Emergence of the Globally Integrated Business World

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Globalization

Learning objectives

• Understand what is meant by the term globalization.

• Be familiar with the main drivers of globalization.

• Appreciate the changing nature of the global economy.

• Understand the major arguments in the debate over the impact of globalization.

• Appreciate how the process of globalization is creating opportunities and challenges for business managers.

This chapter introduces the emergence of the globally integrated business world. Globalization has reduced the traditional barriers to cross-border trade and investment (distance, time zones, language, differences in government regulations, culture, business systems).

To begin the discussion of contemporary issues in international business, macro-economic and political changes in the last 30 years are reviewed.

Information technology and other technological innovations have put global markets within the reach of even small firms in remote locations. Yet, in spite of all its benefits, globalization has an underside. Critics point out its adverse effects, including those on developing nations.

The opening case explores the globalization of the flat panel television industry. The closing case illustrates how one company, IKEA, has benefited from the globalization of markets and the globalization of production.

OUTLINE OF CHAPTER 1: GLOBALIZATION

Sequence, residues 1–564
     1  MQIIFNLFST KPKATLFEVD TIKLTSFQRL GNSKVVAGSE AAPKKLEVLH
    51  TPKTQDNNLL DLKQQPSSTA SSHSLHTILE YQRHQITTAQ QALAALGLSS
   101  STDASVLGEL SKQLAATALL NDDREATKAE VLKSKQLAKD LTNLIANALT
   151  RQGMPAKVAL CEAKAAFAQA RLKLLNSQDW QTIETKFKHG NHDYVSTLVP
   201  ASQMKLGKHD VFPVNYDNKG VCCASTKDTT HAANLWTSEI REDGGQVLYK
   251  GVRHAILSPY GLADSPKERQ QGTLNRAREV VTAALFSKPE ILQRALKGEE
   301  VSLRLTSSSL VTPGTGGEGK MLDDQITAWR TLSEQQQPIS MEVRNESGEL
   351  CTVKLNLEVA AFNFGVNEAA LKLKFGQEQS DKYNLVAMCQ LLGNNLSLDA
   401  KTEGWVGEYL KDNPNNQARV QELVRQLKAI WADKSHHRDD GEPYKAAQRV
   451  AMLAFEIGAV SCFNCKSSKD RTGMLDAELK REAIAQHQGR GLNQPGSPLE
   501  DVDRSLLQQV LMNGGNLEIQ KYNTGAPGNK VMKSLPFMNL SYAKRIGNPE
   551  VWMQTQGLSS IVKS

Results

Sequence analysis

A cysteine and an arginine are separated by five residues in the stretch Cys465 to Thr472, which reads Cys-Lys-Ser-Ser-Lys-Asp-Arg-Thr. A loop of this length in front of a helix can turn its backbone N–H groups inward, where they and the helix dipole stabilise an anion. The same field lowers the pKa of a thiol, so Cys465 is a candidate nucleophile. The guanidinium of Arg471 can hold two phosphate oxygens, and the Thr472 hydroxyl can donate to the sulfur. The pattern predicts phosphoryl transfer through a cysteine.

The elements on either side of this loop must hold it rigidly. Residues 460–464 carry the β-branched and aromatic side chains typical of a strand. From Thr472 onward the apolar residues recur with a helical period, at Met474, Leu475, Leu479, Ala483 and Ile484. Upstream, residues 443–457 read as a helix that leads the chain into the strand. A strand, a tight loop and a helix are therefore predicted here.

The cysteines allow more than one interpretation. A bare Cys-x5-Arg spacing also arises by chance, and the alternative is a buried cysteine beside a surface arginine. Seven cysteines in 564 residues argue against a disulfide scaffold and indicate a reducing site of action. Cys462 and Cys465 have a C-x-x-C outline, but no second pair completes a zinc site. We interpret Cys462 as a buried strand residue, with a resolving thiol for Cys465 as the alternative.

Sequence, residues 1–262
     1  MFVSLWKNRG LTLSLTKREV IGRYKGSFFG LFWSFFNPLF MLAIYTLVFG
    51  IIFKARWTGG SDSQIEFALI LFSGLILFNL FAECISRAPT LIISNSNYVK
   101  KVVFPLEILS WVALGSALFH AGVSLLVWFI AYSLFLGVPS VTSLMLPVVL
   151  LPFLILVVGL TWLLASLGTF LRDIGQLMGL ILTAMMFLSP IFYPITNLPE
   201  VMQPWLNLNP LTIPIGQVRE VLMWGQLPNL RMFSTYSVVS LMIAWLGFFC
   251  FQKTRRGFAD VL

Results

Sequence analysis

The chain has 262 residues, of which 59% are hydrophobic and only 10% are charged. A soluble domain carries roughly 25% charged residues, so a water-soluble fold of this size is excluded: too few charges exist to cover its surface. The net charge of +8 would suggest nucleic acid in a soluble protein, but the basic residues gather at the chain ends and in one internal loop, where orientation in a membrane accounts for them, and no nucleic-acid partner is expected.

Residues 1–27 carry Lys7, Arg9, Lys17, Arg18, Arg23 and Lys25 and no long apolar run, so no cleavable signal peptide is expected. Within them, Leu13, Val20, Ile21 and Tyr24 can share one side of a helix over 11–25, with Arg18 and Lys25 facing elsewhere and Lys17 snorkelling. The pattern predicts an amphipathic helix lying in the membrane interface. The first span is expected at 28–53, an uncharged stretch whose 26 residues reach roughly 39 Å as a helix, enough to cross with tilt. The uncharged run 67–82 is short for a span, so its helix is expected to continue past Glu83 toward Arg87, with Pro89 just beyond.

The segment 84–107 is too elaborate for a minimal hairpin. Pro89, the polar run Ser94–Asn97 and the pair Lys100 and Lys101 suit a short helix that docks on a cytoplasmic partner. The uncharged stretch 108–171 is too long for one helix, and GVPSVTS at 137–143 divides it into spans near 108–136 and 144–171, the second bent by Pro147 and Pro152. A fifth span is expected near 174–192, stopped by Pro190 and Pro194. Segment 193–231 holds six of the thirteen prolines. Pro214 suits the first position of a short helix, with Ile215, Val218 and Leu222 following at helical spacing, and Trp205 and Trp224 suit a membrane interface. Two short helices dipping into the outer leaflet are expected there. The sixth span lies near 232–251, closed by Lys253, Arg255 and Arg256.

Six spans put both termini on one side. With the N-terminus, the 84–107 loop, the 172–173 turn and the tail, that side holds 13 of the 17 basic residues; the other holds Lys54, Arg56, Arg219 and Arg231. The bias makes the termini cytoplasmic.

Opening Case: Flat Panel Televisions and the Global Economy

Introduction

What is Globalization?
The Globalization of Markets
The Globalization of Production

Country Focus: Outsourcing American Healthcare

The Emergence of Global Institutions

Drivers of Globalization
Declining Trade and Investment Barriers
The Role of Technological Change

The Changing Demographics of the Global Economy
The Changing World Output and World Trade Picture
The Changing Foreign Direct Investment Picture
The Changing Nature of the Multinational Enterprise
The Changing World Order
The Global Economy of the Twenty-First Century

Country Focus: India’s Software Sector

Management Focus: China’s Hisense-An Emerging Multinational

The Globalization Debate
Anti-globalization Protests,
Globalization, Jobs, and Income
Globalization, Labor Policies, and the Environment
Globalization and National Sovereignty
Globalization and the World’s Poor

Country Focus: Protesting Globalization in France

Managing in the Global Marketplace

Chapter Summary

Critical Thinking and Discussion Questions

Closing Case: IKEA—The Global Retailer

Classroom Discussion Point

Ask students to describe how international business has affected them in their day so far. Ash them about who made the clothes they’re wearing, what type of food they ate for breakfast or lunch (muesli cereal, sushi, Italian-style coffee), what type of cell phone they have and where it was made, where their car was design and manufactured, where the components for their computer was manufactured, and so on. Many students will be surprised at just how often international business affects their daily lives. Some will recognize that companies like Nissan have design facilities and manufacturing operation in the United States, but will be surprised to learn that Sodexho, a cafeteria operator for many universities, is a French company; or that many supermarket chains have been acquired by foreign operators (Stop and Shop by the Dutch Ahold, Trader Joe’s by the German Albrechts). The point to drive home is that our consumption patterns are already very dependent on international business.

Next, ask students the why aspect of this issue: Why, for example, are so many of our clothes made outside North America?

Finally, encourage students to think about the integrated world economy versus distinct national economies by asking about the type of car they own....
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